Hose inspection & testing
Simply put, Hydrostatic Testing involves filling a hose assembly with water and taking it to a pre-specified test pressure, generally 1.5 times the maximum working pressure and holding it for a set period of time. Whilst under pressure the hose is monitored and inspected to ensure that the pressure is held and its integrity is maintained.
Why Test Flexible Hose Assemblies?
Leaking hose assemblies are a risk to personal health and safety and there are many environmental issues associated with unwanted emissions. They can also be very costly in the form of lost production due to unforeseen outages. Buckley Industrial’s philosophy of preventative testing virtually eliminates any unpleasant surprises and allows Customers to carefully manage planned maintenance thereby maximising the up time of their production process.
Buckley Industrial specialises in the testing of flexible hose assemblies and we refer to this throughout the inspection and testing element of this website. Our procedures are, however, equally applicable to other types of pressure components such as expansion joints, couplings etc.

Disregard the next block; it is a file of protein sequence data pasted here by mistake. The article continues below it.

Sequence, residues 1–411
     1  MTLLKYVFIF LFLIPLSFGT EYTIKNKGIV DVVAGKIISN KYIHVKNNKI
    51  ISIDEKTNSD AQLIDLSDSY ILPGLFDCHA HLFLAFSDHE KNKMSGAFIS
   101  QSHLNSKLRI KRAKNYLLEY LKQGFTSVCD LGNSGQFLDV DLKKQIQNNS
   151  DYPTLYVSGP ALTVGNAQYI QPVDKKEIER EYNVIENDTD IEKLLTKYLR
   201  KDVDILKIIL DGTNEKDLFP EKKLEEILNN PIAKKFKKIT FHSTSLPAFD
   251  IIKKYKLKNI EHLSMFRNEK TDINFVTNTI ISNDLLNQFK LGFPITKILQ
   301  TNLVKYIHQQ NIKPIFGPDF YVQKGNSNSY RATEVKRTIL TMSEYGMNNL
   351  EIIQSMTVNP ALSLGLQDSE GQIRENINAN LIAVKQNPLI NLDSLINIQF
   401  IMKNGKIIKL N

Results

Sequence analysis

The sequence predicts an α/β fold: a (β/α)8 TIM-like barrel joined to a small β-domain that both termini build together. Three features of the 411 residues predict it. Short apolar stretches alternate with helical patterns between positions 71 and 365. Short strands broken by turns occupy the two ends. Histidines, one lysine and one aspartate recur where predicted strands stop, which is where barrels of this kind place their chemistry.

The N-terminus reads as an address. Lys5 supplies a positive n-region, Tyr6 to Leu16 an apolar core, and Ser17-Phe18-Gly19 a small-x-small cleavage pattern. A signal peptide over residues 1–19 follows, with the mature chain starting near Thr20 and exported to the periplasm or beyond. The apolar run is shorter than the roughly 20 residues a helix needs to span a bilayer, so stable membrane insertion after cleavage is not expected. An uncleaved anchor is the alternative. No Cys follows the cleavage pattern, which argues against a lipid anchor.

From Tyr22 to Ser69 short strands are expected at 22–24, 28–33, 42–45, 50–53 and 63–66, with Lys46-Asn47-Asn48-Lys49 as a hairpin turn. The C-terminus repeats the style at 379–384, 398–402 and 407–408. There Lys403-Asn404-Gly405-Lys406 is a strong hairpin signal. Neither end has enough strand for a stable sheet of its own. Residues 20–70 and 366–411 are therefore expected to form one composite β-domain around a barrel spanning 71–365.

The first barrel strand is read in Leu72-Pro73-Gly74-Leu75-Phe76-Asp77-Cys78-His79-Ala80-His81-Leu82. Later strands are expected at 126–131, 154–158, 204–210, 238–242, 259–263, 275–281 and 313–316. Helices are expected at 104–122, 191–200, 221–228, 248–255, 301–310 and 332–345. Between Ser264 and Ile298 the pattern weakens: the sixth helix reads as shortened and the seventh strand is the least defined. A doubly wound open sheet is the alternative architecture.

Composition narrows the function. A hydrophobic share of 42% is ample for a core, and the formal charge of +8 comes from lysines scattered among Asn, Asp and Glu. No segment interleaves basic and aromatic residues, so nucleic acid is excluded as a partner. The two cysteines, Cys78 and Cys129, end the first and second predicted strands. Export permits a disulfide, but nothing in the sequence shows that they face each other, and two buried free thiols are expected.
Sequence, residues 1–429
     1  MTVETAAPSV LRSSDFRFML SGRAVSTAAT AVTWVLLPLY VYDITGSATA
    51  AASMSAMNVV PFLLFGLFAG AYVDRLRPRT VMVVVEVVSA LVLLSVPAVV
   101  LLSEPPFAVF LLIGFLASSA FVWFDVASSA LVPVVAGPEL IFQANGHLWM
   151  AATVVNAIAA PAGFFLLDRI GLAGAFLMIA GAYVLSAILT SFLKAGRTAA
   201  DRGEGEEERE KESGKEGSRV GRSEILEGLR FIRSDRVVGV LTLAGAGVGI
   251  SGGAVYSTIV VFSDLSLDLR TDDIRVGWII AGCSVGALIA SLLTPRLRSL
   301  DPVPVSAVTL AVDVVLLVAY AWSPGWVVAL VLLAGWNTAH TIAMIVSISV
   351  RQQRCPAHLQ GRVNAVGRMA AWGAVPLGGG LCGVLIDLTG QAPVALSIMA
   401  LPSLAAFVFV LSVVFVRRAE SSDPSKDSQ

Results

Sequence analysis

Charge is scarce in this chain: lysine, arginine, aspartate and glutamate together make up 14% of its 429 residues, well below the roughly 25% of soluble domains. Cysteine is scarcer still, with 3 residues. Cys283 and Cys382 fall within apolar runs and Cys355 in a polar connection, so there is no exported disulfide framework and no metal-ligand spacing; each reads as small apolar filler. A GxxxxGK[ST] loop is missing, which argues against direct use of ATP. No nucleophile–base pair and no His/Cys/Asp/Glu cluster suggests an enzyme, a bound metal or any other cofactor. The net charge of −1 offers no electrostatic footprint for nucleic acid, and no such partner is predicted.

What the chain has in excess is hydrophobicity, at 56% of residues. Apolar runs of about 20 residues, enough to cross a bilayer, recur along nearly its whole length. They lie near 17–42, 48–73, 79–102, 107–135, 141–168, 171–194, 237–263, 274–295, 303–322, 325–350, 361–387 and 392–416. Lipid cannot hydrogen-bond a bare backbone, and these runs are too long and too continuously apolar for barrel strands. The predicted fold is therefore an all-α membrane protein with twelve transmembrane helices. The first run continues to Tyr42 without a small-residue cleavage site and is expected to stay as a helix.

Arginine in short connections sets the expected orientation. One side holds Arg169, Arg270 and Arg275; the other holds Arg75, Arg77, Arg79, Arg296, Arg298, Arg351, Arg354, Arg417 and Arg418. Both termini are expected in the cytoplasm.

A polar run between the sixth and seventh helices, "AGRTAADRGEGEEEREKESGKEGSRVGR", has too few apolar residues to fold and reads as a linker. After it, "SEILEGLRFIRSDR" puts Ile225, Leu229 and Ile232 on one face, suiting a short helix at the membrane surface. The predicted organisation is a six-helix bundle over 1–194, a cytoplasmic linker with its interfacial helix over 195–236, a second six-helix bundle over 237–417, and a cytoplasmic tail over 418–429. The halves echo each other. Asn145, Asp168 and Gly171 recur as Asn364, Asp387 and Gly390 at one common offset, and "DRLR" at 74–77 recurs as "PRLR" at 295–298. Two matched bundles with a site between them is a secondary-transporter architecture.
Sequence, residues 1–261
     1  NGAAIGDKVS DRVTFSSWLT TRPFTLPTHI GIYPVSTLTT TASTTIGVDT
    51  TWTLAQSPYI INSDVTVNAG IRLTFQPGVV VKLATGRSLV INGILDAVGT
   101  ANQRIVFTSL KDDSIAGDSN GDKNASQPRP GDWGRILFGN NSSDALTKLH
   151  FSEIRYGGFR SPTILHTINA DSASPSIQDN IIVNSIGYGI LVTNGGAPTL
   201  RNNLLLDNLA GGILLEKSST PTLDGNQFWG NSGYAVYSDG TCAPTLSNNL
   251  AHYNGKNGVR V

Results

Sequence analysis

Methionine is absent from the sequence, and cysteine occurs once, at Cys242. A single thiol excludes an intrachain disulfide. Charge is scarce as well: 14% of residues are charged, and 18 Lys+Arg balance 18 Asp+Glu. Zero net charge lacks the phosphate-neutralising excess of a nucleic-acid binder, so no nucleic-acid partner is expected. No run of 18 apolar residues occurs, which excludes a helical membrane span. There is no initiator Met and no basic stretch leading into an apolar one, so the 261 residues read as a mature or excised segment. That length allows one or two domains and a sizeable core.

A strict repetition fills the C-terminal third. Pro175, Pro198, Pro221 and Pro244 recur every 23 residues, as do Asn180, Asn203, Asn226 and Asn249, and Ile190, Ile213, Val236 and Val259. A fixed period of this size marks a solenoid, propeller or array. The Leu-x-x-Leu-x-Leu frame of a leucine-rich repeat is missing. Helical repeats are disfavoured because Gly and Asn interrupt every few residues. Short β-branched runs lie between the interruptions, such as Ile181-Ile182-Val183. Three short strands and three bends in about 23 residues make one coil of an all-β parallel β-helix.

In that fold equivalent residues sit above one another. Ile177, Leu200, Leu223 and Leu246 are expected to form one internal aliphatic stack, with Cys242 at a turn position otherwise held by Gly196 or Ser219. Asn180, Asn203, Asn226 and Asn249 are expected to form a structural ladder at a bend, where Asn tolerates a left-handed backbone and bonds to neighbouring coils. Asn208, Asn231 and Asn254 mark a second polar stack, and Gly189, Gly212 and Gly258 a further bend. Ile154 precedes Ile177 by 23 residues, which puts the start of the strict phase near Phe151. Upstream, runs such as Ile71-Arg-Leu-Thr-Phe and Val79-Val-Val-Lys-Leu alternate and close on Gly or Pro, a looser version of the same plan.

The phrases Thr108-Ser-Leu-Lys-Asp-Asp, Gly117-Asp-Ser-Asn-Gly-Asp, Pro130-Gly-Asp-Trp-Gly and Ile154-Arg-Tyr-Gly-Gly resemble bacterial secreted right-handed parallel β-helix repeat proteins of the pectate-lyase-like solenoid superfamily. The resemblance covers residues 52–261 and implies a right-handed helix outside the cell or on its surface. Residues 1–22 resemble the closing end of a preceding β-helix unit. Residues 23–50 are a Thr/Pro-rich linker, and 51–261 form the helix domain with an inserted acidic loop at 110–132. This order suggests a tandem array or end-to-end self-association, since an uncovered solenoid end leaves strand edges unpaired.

Inspection and Testing Overview
Buckley Industrial is a specialist test house employing state of the art precision test equipment operated by experienced personnel. The hose testing techniques employed are:
- Visual Inspection – examining the outside of a hose looking for any defects which could cause it to leak during service.
- Hydrostatic Testing – pressurising water within a hose to ensure it can hold pressure without leaking.
- Nitrogen Testing – pressurising a hose with Nitrogen whilst underwater to ensure it can hold pressure without leaking.
- Internal Inspection – examining the inside of a hose looking for any defects which could cause it to fail during service.
- Electrical Continuity Test – testing for an electrical bond between the end fittings of a hose assembly to avoid static build-up within the length of the hose.
- Helium Testing – used to find leaks through the product. The helium is used as a tracer gas and its concentration is measured.
Please click on any of the headings for a more detailed description.